If the public does not see that people are directly benefiting from the program, support will erode and the program's future will be in doubt. Fortunately, the enrollment success and direct patient benefits of the ACA, makes it well-suited to build long-term public support. Unfortunately, not all public health care programs are on such solid footing.
As spring slowly unfolds into summer, I wonder if most Americans feel frustrations similar to mine. Like most people I know, I'm weary of "things as they are." To borrow from the title of Joe Louis Walker's blues song, "I'm Tide." In that tune he sings about the frustrations of contemporary life.
Although the children's groups are pretty much unanimous in support of the continuation of CHIP, there are surprisingly some in Washington, D.C. who are considering other options.
After writing a couple weeks back that we need to keep an eye on profit-hungry health insurers to make sure they are not refusing to pay for medically necessary care, I got a flood of emails and tweets from people with stories to share.
Unemployment has now fallen to 6.3 percent, the lowest it has been since 2008. The rate dropped four-tenths of a point in a single month -- the biggest drop in two years -- showing that after the lag of this year's brutal winter, employers are hiring.
With millions of Californians gaining health and dental coverage under the Affordable Care Act, the demand for doctors and other providers is greater than ever. Recent advances in technology have made telehealth an important tool in connecting children to health care providers.
Republican-led legislatures across the nation are making controversial changes to many laws under the guise of "choice." Charter schools give families a "choice" of where to send their children. Right to work gives workers a "choice" to join a union. The truth is, "choice" is a red herring in these political discussions.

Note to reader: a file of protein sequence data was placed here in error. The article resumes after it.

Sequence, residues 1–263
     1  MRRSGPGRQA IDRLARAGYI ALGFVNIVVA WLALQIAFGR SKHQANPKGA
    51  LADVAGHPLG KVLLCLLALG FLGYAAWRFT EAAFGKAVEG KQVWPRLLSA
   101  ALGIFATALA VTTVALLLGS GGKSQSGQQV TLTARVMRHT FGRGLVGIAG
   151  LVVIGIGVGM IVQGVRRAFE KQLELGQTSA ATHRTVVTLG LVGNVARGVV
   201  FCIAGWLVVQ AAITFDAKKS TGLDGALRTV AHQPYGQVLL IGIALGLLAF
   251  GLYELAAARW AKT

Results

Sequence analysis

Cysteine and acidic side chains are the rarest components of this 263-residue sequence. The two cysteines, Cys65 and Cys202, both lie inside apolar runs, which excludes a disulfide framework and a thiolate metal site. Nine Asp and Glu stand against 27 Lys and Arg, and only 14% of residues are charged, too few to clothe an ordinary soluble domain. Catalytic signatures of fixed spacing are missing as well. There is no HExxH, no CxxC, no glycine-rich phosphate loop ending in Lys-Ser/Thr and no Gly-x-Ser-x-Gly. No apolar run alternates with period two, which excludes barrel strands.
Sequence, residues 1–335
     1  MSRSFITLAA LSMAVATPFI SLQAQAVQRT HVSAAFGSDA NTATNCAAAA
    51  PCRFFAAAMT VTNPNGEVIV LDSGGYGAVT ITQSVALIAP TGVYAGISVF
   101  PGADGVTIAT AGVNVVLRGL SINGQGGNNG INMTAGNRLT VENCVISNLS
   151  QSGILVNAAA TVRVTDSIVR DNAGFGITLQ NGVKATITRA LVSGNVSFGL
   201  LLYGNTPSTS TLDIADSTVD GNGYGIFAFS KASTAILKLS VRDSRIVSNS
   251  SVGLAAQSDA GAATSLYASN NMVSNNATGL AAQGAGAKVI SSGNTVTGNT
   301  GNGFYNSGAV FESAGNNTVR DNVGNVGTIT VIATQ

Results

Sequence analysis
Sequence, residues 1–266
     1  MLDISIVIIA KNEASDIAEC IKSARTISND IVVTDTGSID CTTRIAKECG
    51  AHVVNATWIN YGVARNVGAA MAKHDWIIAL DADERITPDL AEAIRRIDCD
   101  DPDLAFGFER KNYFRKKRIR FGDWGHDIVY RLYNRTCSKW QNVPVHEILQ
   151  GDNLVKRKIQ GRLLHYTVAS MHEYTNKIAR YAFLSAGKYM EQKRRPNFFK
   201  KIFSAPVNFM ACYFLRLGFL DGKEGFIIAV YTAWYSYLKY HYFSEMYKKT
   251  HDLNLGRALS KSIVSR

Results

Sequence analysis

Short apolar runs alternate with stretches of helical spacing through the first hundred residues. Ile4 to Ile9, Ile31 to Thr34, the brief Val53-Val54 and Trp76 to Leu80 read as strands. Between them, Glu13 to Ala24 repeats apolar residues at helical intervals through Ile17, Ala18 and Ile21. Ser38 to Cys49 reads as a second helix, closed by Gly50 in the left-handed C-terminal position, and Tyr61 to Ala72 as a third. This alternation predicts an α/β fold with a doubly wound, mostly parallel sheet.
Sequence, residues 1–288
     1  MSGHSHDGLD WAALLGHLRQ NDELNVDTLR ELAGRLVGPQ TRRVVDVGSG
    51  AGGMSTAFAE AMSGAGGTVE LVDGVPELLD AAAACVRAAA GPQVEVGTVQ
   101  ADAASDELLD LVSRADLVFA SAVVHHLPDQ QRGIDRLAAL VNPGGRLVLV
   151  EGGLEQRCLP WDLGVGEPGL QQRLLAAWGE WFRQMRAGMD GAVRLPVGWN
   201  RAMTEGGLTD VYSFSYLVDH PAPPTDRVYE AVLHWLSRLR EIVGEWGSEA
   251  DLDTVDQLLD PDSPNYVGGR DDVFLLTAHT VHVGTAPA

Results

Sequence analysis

Thousand of people who should be on slabs in a morgue are walking our streets. Worse still, they are going to work in the morning.
What are consumers going to cut down on in the coming months? Our data suggest that spending on Internet and cell phone plans is not going to suffer. Rather, consumers may be more likely to reduce their spending on cable TV, eating out, gym memberships, and organic groceries.
Residents and health providers in some states will reap the benefits of the ACA while others will not. Whether the motivations for the divide result from a political strategy or an honest disagreement over the role of government, the consequences are very real.
It has everything to do with Obama Derangement Syndrome -- Republican governors who refuse for a variety of cheap political excuses to attach their names to Obamacare. By doing so, they're hurting their own people, including Republican voters by numbers into the hundreds of thousands per state.
Now that the rollout of the ACA has been proven a success (8 million sign ups), I think Democrats should seize the day and follow Representative Schwartz's bold example.
"At least you have your health." That point, of course, is when we face our own health issues -- even if temporary -- and appreciate how all-consuming a broken bone, pinched nerve, chronic allergy, or persistent migraine can be.
So, who's up for it? I'm in -- somebody just find us a home. Let's not let some media-driven conventional wisdom deny us a chance to help millions of people hold on to the small slice of a better life they were just now able to reach.
I want to grade what the ACA is doing for me now. Because that's where healthcare reform hits the road, in the care that each of us pays lots of dollars to receive.